Author Topic: St Maarten, Caribbean, Marine, 1040W  (Read 111 times)

Aravilla

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St Maarten, Caribbean, Marine, 1040W
« on: December 30, 2016, 09:49:59 AM »
We have just completed (Nov 2016) a 1.0Kw solar install on our sailing catamaran in the sunny Caribbean. Setup consists of the following:

- Midnight Solar Classic 150 (w/ WBJr)
- 4x Kyocera 260W (custom mount off bimini and davits)
- 4x Lifeline 210AH 12V
- 3000W 120V Inverter

We recently added 4 solar panels to our Leopard 46 sailing yacht in St Maarten. We were reliant entirely on generator power when off dock for charging. The setup provides 1.04kw of calculated power and 72.2A output in full sun. Our physical design fits perfectly with the width of the bimini and provides tremendous new shade for the cockpit. We have not run the generator in over a month now with daily inverter use and fridge/freezer on 24/7.

We ran 2x 8/2AWG wire and each pair (port/stb) is in series/parallel to boost voltage while maintaining an ability to manage each pair individually (if/when needed). This also helps with partial shading problems which do occur while sailing/anchored. We sloped the panels to the stern. This means water runs off the back of the panel and not into the cockpit, and not pooling on the panel itself. The Wire is calculated to ~1.5% loss over our run, so a bit bigger than needed but hopefully future-proofed for possible upgrades. The controller would do all 4 panels in a single series run however the total voltage differential was far too inefficient for 12V batteries. All panels in parallel was considered -- wire cost for the additional two 47' runs, more bulky runs, and larger stainless tubes made our decision for us. Our controller sits in the salon locker beside the air conditioning units and inverter, and this minimizes the run to main bus bars.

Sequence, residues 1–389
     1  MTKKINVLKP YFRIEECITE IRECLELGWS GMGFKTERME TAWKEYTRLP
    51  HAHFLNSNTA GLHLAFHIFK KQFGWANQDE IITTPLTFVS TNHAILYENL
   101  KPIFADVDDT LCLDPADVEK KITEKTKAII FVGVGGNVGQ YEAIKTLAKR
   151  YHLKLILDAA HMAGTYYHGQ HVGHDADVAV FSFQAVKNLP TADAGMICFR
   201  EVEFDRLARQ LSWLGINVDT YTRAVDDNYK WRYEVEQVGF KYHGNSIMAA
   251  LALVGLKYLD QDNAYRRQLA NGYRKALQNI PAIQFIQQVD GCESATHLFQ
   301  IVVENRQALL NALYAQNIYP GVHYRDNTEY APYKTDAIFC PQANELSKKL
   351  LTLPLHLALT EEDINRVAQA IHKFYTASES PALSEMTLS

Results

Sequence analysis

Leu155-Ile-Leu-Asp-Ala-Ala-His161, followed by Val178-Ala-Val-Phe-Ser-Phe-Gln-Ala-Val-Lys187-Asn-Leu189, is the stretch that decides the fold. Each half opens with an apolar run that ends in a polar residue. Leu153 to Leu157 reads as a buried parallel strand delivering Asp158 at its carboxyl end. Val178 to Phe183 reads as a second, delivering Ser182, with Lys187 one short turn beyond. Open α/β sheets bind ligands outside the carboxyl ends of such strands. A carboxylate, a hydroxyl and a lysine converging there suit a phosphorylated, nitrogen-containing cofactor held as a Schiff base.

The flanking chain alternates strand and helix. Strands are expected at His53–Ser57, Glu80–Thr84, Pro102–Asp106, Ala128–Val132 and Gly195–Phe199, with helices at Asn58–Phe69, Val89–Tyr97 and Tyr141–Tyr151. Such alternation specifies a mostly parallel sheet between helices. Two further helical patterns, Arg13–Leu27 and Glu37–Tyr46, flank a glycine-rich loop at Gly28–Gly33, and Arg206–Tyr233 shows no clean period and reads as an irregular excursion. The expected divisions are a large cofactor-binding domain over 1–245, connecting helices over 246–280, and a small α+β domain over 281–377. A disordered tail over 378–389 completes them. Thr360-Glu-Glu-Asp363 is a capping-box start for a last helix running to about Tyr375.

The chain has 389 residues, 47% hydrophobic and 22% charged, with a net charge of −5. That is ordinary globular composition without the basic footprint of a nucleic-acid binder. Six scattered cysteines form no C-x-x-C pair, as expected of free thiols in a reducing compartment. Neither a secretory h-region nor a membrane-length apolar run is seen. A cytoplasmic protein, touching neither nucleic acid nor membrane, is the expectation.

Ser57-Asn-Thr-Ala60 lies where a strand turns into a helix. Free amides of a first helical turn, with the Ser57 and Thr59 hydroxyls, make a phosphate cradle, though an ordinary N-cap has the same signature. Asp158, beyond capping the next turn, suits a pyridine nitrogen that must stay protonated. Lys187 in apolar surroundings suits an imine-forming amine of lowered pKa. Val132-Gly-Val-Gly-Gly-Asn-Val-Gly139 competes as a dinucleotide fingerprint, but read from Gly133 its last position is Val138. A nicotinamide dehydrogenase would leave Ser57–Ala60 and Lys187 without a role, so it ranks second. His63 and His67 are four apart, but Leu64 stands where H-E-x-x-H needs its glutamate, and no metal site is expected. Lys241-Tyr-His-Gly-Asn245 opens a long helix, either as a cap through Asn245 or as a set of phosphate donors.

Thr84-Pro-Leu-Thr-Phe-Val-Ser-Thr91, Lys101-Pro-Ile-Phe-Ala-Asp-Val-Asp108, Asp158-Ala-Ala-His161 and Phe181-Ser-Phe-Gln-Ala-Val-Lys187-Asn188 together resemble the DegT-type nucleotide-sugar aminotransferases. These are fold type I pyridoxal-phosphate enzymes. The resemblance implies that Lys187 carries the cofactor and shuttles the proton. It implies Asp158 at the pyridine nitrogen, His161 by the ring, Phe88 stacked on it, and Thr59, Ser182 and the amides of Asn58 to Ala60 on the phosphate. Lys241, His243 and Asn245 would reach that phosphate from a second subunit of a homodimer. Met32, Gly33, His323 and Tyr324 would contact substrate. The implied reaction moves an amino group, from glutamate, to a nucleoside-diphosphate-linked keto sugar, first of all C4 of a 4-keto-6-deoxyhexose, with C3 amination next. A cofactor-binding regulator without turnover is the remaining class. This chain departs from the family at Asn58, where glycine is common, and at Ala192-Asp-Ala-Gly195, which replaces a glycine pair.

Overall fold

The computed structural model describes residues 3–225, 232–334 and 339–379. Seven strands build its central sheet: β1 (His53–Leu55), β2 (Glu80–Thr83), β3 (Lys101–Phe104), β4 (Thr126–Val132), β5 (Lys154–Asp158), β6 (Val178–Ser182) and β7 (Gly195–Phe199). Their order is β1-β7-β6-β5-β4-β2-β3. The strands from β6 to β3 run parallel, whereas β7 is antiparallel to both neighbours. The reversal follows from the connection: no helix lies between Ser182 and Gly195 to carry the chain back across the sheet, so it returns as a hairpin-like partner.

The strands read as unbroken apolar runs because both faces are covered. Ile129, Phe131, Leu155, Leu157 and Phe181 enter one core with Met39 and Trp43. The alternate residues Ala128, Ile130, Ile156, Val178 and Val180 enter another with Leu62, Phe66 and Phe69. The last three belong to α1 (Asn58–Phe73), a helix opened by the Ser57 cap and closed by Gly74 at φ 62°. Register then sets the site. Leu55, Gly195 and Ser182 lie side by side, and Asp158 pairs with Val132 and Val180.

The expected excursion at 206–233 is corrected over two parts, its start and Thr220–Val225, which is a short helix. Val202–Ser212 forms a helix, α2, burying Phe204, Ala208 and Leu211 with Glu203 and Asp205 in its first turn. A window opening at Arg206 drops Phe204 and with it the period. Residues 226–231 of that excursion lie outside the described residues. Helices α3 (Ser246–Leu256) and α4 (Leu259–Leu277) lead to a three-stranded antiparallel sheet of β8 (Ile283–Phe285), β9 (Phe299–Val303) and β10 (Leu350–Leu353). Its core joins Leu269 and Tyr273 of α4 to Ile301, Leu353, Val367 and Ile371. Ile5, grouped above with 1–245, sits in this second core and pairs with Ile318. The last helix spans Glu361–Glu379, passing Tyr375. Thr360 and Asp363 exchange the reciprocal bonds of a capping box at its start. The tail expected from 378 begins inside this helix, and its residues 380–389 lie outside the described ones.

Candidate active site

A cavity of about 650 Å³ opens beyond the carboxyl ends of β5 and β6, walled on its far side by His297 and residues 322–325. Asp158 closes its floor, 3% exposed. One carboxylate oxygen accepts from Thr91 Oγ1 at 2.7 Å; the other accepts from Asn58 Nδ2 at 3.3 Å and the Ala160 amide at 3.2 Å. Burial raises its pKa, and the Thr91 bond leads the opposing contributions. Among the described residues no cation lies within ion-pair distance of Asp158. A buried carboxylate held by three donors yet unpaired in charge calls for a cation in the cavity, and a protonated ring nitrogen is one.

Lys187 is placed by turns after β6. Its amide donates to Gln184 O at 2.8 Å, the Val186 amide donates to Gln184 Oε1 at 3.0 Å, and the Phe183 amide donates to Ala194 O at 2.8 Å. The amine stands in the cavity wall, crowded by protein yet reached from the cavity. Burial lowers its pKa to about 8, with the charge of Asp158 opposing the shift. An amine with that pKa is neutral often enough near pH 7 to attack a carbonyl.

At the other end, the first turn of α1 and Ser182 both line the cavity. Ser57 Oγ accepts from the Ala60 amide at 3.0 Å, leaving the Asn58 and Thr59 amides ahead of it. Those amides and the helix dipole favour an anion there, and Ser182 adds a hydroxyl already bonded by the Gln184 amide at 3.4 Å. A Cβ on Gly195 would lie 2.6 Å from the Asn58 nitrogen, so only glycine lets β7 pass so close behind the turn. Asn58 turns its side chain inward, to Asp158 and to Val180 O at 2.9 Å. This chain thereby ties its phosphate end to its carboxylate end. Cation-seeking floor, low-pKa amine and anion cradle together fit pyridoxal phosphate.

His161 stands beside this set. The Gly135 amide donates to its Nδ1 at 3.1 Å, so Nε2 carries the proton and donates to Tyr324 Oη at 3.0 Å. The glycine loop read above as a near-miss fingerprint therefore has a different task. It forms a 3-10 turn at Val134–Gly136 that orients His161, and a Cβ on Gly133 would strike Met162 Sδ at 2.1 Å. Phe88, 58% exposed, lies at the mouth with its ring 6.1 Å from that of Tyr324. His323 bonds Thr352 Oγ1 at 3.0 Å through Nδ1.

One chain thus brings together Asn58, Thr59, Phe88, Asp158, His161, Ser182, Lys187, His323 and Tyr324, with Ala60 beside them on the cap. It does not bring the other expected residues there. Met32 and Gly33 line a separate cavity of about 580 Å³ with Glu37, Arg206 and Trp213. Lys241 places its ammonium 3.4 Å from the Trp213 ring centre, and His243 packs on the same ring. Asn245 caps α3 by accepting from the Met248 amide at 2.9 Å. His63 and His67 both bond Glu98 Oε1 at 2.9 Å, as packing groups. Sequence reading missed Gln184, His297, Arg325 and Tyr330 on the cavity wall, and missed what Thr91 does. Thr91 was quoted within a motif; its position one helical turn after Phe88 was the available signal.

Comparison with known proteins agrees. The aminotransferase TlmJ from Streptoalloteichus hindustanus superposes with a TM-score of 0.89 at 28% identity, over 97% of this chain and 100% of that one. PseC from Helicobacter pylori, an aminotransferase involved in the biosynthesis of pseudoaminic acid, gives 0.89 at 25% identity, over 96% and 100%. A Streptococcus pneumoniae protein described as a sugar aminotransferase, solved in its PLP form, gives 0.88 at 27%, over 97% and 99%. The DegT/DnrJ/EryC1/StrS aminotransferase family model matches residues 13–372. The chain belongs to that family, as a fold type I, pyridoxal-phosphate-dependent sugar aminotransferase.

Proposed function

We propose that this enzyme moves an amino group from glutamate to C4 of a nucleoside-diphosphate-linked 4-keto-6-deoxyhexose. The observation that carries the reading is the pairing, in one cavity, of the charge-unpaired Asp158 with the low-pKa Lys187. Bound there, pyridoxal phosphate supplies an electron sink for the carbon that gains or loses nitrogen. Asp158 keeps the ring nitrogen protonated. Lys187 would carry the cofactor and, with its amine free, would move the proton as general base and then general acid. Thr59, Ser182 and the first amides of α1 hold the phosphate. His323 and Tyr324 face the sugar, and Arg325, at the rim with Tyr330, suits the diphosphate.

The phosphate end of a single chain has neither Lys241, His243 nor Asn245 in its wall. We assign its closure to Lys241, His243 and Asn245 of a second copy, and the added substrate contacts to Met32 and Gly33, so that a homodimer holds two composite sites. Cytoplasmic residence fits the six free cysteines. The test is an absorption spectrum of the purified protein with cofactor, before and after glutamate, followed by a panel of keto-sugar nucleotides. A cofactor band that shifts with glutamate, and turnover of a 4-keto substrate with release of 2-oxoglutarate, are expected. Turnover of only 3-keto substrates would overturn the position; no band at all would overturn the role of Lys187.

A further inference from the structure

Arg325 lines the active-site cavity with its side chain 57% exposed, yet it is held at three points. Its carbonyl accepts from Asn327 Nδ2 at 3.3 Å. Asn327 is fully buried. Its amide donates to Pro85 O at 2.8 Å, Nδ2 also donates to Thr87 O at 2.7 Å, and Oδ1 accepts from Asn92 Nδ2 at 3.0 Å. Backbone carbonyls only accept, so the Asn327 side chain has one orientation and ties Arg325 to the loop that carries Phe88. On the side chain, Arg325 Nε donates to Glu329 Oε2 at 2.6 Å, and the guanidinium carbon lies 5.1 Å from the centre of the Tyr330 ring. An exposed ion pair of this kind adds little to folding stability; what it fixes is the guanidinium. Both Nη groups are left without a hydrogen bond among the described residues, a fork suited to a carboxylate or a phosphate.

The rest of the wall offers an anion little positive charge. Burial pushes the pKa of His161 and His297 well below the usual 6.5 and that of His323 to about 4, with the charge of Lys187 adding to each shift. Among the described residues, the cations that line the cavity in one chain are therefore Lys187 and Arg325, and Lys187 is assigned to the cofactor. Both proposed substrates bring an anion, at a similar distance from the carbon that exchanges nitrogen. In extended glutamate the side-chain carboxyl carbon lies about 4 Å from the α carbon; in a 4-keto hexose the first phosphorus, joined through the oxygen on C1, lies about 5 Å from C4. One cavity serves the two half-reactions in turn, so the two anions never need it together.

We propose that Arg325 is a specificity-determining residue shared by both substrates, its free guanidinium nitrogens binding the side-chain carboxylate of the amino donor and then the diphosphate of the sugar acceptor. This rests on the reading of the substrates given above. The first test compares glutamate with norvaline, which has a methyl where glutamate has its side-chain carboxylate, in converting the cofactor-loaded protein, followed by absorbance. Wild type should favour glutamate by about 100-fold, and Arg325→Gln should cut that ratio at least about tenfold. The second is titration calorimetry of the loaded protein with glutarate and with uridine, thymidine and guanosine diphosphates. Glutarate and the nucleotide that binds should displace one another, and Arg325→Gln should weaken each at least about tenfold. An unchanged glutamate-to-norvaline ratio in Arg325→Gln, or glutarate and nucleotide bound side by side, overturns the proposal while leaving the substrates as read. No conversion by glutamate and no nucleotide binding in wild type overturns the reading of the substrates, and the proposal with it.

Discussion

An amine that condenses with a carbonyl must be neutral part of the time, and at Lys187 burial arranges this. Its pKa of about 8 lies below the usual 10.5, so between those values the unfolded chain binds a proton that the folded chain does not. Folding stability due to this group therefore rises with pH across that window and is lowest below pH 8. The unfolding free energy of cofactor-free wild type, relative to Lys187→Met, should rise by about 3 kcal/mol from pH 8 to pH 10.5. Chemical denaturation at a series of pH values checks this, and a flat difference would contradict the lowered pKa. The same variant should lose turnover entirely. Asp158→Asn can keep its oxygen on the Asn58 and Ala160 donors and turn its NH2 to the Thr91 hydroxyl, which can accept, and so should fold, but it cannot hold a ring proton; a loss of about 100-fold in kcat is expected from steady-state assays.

In terms of functional use -- we saw sustained 70A yesterday in full rack mid-day sun in SXM (we required the toaster to be running to fully load the panels for the testing). Typically we see 200Ah+ a day easily which is 1/2 the calculated value. We hit float about noon so the panels are under-utilized the remaining hours. We've seen max voltage from the setup of 72V at panel and 69-70.5V on controller which is good given the 76.6V (2x 38.8V) rating with the oversized wire helping decrease drop I'm sure.

If anyone wants more specifics, just comment and I'll try to answer.

ClassicCrazy

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Re: St Maarten, Caribbean, Marine, 1040W
« Reply #1 on: December 30, 2016, 07:43:10 PM »
Nice job !
system one
Classic 150 , 20 Kyocera 135watt , 12s Soneil 2v 540amp lead crystal for 24v pack , Outback 3524 inverter
system two
Classic 150 ,5s 135 watt Kyocero , 16s Calb 100AH LiFePO4 , Outback VFX 3648 inverter
system three
Midnite KID MPPT 24 DC in to  12 volt AGM batterie

russ_drinkwater

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Re: St Maarten, Caribbean, Marine, 1040W
« Reply #2 on: December 31, 2016, 04:41:23 PM »
Displaying my stupidity here, but how do you get 120 volts from 4 x 12 volt batteries?
Unless it is a typo and the inverter is actually 12 volt!
Just curious! :o ;D
Standalone. 20 Hyundai x 220 watts panels, 2 x classic 150's, Latronics 24 volt 3kw inverter, 8 x L16 Trojan 435 amp hour Batteries and Whiz bang Jnr, 12 Rolls surrete  4KS 25P  batteries and WBJ.
Grid tie feed-in, 12.5 kw in 3 arrays generating 50 kws per day average. Solar river grid tie inverters

CDN-VT

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Re: St Maarten, Caribbean, Marine, 1040W
« Reply #3 on: January 01, 2017, 05:37:16 PM »
Well vented battery box ? you can wire the Classic to auto turn on the venting fan on the AUX port.

Nice Job as well .
VT
Canadian Solar 350W 37.6 VOC  30.6 VMP 8.22 ISC 7.87 IMP ,-15 c -30c max  4 strings in 2 in Series for 24v Classic 150 -660 Ah  Freezers & fridges ~~~ Second Array same panels of 2sx3 parallel for 24 V Classic 150 -440 Ah  SS300 for lights & overhead door. Building the 36 panel 48 volt system now.